"God is the giddiest thought of all",
Says the tinsel hanging on the wall
And the twinkling of that jolly ball,
The glow of a Christmas bauble.

The season that bears the Holy Name
Is sending forth
The tidings we were born to proclaim;
The infinite worth
Of the soul of man, and the world of things;
The wild delight of all carollings
For the happiest hymn to the King of Kings
Is the glow of a Christmas bauble.

Monday, December 18, 2023

The Burning Babe, with a Sting in the Tale

Anyone who reads this blog (and I'm grateful to them all) knows that I'm a sucker for traditions, and that the Christmas tradition on Irish Papist is to post St. Robert Southwell's great Christmas poem "The Burning Babe".

But tradition and innovation don't have to be mortal enemies!

This year, rather than simply posting the text, I am inviting my good friend Sting to give his rendition. Afterwards we are having mince pies and a sing-along. Dirk Benedict might show up as well. You can never tell with Dirk.

You can listen to it here.

Wednesday, December 13, 2023

On The Seventieth Anniversary of Our Lady Queen of Peace, Merrion Road

Our Lady Queen of Peace has been my local church for the last four years or so. Since it's fairly close to UCD I'd often attended it before that, as well. It offers a nine p.m. Mass on Sundays which is very helpful.

It was opened and blessed by the unfairly much-maligned Dr. John Charles McQuaid on the 13th December 1953. You can read its history here.

I wrote this sonnet on the commemoration the other day. I sent it to the parish and got a two-line acknowledgement. Oh, well. My blog readers might enjoy it.

Seventy years ago, the staunch McQuaid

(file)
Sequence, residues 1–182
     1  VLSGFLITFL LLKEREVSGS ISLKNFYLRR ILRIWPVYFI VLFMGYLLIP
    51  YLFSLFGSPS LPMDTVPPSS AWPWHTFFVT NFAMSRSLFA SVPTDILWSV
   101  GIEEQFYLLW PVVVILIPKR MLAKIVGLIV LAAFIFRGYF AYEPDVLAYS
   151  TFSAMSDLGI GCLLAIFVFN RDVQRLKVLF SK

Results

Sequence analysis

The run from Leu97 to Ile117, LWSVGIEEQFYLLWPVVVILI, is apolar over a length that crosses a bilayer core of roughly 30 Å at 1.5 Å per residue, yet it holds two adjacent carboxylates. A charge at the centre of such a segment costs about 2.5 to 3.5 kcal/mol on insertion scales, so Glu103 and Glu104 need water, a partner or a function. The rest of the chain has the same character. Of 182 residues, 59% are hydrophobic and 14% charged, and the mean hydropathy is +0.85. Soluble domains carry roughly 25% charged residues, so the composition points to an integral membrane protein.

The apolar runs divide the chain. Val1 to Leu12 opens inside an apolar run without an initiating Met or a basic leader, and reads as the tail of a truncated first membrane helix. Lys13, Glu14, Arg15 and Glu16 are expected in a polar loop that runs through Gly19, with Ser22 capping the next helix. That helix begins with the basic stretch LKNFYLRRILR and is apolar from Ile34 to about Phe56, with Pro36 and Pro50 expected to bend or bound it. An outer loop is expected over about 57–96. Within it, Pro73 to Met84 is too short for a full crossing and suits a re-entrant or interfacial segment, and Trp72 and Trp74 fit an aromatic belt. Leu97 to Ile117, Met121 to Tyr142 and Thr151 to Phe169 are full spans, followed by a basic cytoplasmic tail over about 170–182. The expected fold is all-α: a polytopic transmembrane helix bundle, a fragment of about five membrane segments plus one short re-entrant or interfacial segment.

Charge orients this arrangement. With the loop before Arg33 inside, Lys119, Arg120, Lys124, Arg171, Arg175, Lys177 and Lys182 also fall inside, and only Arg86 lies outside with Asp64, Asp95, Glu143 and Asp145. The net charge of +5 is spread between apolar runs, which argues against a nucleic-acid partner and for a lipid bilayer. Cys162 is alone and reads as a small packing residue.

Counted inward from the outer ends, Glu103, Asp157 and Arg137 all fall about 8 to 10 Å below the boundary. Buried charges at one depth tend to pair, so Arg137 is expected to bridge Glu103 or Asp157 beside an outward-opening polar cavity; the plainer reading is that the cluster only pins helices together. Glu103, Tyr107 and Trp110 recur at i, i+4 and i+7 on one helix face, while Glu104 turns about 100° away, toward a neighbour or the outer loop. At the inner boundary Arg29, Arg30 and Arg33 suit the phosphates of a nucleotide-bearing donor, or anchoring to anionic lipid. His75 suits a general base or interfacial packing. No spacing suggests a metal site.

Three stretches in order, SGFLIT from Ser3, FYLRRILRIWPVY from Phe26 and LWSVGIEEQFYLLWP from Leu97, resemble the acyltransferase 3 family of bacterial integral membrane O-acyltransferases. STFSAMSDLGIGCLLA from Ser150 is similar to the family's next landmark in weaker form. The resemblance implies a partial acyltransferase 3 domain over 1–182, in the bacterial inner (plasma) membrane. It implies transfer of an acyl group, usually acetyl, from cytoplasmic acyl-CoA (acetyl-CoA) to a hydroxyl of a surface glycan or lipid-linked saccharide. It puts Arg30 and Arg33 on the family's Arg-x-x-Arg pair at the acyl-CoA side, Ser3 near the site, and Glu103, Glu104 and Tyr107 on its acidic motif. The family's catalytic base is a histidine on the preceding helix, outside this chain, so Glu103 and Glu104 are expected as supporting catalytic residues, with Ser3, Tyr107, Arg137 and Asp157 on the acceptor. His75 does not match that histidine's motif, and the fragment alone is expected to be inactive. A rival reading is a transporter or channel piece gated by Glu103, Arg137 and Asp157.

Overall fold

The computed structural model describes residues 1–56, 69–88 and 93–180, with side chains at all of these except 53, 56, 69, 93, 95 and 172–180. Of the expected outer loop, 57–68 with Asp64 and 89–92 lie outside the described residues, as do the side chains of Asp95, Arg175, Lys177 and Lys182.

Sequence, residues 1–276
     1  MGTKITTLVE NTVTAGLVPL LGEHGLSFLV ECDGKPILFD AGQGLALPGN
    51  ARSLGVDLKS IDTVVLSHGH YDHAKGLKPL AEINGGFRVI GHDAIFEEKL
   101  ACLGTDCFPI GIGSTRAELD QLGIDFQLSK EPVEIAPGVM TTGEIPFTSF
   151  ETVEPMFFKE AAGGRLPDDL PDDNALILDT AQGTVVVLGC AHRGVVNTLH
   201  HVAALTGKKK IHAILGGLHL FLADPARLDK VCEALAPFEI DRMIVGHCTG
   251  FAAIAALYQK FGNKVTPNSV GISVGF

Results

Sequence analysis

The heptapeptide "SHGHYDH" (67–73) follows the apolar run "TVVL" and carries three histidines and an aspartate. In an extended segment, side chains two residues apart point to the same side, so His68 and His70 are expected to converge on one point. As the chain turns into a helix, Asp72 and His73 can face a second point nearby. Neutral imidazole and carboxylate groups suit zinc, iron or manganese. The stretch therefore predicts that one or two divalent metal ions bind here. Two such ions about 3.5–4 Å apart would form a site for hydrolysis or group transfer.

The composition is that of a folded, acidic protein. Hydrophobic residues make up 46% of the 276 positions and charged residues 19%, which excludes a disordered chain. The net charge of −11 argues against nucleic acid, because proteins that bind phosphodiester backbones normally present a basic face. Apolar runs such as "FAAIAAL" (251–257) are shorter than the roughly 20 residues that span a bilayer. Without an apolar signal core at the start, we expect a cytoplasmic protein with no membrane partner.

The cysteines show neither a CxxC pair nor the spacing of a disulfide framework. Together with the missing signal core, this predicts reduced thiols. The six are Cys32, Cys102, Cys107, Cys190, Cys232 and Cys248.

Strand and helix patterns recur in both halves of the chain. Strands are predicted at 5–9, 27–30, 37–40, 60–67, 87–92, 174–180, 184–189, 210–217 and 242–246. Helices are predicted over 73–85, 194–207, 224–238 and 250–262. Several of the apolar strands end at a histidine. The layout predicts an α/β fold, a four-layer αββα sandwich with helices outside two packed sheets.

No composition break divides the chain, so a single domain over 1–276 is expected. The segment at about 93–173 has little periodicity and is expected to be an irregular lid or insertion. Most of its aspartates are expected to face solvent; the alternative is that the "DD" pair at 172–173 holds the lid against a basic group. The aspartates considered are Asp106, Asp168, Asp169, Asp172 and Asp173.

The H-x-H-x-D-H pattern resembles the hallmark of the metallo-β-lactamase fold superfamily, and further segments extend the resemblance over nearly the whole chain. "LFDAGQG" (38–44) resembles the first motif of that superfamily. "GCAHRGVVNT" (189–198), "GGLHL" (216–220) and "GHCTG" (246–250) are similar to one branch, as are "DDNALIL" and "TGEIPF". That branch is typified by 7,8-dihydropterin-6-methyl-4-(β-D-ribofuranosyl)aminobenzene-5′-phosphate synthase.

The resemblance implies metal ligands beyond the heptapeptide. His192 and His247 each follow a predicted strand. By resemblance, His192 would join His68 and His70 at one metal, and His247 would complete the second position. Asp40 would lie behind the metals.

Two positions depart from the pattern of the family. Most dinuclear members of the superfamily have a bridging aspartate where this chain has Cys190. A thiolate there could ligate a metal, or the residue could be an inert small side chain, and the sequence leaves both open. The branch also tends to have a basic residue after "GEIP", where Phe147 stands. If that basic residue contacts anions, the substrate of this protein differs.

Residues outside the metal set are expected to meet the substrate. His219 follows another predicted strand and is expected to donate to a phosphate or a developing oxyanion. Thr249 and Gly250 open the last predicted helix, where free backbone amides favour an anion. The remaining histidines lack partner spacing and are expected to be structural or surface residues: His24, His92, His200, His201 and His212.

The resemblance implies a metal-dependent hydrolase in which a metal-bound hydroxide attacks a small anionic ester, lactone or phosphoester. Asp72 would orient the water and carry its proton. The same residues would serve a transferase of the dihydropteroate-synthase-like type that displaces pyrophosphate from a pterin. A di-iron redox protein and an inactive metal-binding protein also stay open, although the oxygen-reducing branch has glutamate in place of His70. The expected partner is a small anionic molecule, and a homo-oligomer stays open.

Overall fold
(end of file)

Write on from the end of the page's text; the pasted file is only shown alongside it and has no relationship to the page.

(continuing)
Raised up a round tower as our forebears did
To boldly show the Faith our forebears hid
From Cromwell's soldiers and the Viking's raid.
But Satan never sleep; for in that hour
Of triumph, new and subtler foes waged war
On all our saints and martyrs suffered for
And now the land is darkened with their power.
The battle never ends; but neither shall
The grace the Triune God pours on us cease.
Amidst this strife, let us make festival
Trusting our Master Christ will bring increase
From every wound and woe and seeming fall
And let us praise our Lady Queen of Peace.

Friday, December 8, 2023

For The Feast of the Immaculate Conception

The first fall of snow.
A candle's pure glow.
The white morning mist.
A glory unguessed.
Bring us to your son
Oh, Immaculate one.

Thursday, December 7, 2023

My Poem in Totus Tuus


My poem "Father G" has appeared in the Christmas edition of Totus Tuus magazine, edition 35.

It's a comic-serious poem and all of it is taken from real life, down to the last detail.

Speaking of poetry...

A new colleague in the library said to me today: "There are some good books in the book return."

I was feeling a bit feisty so I said: "The only good books are poetry. Everything else is just entertainment."

An exaggeration, of course, but not an entirely unjustified one. There followed my usual twenty-minute spiel on the decline of poetry (can be extended on request, or even without request).

Long before TikTok or reality TV or Beavis and Butthead, cultural decline had already well set in. Give the poor millennials a break. We are all savages these days.